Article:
Targeted drug therapy
Targeted drugs treat mouth cancer by altering specific aspects of cancer cells that fuel their growth. Cetuximab (Erbitux) is one targeted therapy approved for treating head and neck cancers in certain situations. Cetuximab stops the action of a protein that's found in many types of healthy cells, but is more prevalent in certain types of cancer cells.
Targeted drugs can be used in combination with chemotherapy or radiation therapy. Other targeted drugs are being studied in clinical trials, including drugs that target the immune system (immunotherapy).
No complementary or alternative medicine treatments can cure mouth cancer. But complementary and alternative medicine treatments may help you cope with mouth cancer and the side effects of cancer treatment, such as fatigue.
Many people undergoing radiation therapy for cancer experience fatigue. Your doctor can treat underlying causes of fatigue, but the feeling of being utterly worn out may persist despite treatments. Complementary therapies can help you cope with fatigue.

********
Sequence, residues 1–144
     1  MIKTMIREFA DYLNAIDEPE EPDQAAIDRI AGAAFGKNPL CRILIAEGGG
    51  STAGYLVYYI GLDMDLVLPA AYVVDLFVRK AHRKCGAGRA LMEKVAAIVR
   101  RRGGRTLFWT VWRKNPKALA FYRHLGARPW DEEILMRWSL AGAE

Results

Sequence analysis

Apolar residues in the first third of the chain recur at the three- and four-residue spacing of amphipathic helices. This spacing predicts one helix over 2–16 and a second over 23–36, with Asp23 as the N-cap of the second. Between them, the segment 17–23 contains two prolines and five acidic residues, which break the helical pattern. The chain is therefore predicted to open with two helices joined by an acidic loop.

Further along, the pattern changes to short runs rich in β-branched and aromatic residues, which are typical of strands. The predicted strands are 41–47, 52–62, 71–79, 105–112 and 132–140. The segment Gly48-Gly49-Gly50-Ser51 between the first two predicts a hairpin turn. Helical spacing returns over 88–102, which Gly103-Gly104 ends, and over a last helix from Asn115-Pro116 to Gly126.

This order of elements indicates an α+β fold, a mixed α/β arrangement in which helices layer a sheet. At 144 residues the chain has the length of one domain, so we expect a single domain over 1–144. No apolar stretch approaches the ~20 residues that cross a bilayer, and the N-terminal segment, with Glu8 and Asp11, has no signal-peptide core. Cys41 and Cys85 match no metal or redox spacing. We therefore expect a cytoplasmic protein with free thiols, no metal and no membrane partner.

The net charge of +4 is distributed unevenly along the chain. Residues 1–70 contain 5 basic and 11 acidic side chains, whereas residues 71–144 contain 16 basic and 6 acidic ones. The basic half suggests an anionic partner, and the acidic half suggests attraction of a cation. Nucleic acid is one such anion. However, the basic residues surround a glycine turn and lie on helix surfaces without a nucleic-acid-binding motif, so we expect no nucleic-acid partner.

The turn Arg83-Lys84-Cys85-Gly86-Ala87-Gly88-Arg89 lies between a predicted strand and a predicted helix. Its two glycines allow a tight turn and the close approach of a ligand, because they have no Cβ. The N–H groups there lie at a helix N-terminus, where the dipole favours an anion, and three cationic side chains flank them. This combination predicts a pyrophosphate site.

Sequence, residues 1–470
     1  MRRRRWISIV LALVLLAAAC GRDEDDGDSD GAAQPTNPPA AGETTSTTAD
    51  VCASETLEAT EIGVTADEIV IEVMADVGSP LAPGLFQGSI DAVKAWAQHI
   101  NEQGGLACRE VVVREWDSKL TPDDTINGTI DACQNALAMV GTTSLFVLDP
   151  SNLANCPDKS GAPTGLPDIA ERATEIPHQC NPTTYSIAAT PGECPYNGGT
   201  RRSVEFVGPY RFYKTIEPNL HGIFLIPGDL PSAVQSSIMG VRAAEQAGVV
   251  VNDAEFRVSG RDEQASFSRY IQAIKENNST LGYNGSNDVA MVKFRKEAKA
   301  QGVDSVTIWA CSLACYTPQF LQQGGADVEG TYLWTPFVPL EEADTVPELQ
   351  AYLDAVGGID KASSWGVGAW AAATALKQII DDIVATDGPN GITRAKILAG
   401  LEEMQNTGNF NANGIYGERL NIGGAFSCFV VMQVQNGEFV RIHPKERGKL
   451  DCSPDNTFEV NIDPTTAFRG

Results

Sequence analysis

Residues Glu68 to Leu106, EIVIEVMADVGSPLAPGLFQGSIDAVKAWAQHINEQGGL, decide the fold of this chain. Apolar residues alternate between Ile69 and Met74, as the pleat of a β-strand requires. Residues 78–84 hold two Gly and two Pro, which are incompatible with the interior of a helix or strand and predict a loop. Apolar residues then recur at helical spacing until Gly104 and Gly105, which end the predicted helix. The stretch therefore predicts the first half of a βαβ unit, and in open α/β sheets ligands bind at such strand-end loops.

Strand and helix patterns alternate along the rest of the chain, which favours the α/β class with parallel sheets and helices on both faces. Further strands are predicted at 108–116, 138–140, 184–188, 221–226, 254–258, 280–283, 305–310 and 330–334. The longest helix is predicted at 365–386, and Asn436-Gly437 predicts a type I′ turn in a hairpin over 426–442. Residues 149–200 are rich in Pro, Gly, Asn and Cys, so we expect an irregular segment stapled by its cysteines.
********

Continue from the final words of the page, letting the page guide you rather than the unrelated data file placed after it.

Ask your doctor about trying:
- Exercise. Try gentle exercise for 30 minutes on most days of the week. Moderate exercise, such as brisk walking, during and after cancer treatment reduces fatigue. Talk to your doctor before you begin exercising, to make sure it's safe for you.
- Massage therapy. During a massage, a massage therapist uses his or her hands to apply pressure to your skin and muscles. Some massage therapists are specially trained to work with people who have cancer. Ask your doctor for names of massage therapists in your community.
- Relaxation. Activities that help you feel relaxed may help you cope. Try listening to music or writing in a journal.
- Acupuncture. During an acupuncture session, a trained practitioner inserts thin needles into precise points on your body. Some people report that acupuncture reduces their pain, fatigue, nausea and vomiting. Some acupuncturists are specially trained to work with people with cancer. Ask your doctor to recommend someone in your community.